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L699 Seminar in Politcal Theory: Democracy & Constitutionalism

Description This course will examine the relationship between democracy and constitutionalism from the perspective of political theory. We will look at the contested meanings of democracy, including the traditional liberal models, the old republic strands, the modern deliberative and dialogic models, and the challenge posed by agonistic approaches to democracy. We will also explore the meanings of constitutionalism, including the role of the rule of law and the significance of human rights in the conception of constitutions, and the challenge of constitutionalism in a sub- or supra-national context. Finally, we will bring the two sets of ideas together and discuss their ambivalent relationship. Is constitutionalism a precondition for democracy or a limit on it? Is democracy the foundation for a constitution or a threat to it? How might different models of democracy affect our conception of the constitution, or vice versa? The course is designed to provide the theoretical foundation for the developing curriculum in constitutional design and the work of the Center for Constitutional Democracy. Each student will write a long research paper and present his or her research to the class.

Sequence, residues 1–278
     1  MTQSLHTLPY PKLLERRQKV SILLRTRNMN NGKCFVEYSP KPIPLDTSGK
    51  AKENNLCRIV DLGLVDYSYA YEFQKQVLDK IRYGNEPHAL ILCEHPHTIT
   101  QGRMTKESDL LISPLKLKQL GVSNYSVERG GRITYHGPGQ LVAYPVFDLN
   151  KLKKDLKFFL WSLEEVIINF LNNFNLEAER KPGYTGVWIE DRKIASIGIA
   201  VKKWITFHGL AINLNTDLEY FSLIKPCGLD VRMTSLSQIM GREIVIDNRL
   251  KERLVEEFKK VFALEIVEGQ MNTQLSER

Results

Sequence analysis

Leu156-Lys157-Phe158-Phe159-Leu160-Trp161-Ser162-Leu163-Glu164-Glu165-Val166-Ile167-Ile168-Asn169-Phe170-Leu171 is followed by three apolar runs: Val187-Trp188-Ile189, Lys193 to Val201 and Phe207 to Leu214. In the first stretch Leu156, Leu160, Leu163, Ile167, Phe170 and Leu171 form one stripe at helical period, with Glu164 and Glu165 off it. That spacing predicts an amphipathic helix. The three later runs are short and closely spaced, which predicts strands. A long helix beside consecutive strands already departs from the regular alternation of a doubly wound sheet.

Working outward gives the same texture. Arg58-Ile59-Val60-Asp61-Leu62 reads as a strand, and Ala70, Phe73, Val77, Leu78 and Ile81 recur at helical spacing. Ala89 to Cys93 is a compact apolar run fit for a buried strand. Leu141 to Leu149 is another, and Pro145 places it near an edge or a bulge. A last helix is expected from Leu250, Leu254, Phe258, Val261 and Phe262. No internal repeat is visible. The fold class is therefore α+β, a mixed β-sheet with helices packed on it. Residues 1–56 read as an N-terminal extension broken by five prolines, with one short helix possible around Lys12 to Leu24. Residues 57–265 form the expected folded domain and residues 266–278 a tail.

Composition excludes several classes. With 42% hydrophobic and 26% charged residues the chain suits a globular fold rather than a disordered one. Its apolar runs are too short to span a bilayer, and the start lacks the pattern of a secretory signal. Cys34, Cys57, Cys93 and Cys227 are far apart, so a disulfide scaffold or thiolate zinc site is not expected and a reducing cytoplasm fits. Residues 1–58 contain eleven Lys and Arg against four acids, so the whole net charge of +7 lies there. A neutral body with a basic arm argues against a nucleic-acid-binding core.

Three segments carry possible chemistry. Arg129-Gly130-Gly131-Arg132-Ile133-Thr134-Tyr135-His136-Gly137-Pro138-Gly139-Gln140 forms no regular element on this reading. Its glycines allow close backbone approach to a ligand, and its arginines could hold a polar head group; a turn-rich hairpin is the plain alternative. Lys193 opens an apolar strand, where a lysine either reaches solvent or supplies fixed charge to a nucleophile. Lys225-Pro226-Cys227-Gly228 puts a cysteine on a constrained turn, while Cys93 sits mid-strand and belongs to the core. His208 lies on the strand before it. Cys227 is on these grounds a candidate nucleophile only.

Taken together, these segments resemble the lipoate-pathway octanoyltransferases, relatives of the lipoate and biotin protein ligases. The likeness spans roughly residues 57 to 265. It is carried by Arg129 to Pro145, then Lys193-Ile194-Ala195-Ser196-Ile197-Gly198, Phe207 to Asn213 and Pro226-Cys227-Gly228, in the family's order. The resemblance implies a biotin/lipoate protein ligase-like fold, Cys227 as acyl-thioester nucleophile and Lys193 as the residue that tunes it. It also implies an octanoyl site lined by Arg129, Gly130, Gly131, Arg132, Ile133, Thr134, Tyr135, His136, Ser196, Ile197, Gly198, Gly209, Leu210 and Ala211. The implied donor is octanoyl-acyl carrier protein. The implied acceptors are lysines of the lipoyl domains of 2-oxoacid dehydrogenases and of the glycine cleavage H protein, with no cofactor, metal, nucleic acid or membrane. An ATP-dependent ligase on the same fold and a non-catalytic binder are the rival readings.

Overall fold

Faculty S. Williams, Scanlan

SemesterTitleFaculty
Fall 2013 - 2014Seminar in Politcal Theory: Democracy & ConstitutionalismWilliams, S.
Fall 2010 - 2011Seminar in Politcal Theory: Democracy & ConstitutionalismWilliams, S.